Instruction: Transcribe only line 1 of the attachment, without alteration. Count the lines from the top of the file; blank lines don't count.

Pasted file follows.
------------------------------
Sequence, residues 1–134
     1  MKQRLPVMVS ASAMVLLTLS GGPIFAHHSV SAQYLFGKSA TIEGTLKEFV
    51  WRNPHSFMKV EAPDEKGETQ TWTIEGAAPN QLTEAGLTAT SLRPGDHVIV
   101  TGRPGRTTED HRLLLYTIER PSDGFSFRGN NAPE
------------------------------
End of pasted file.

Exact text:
Sequence, residues 1–134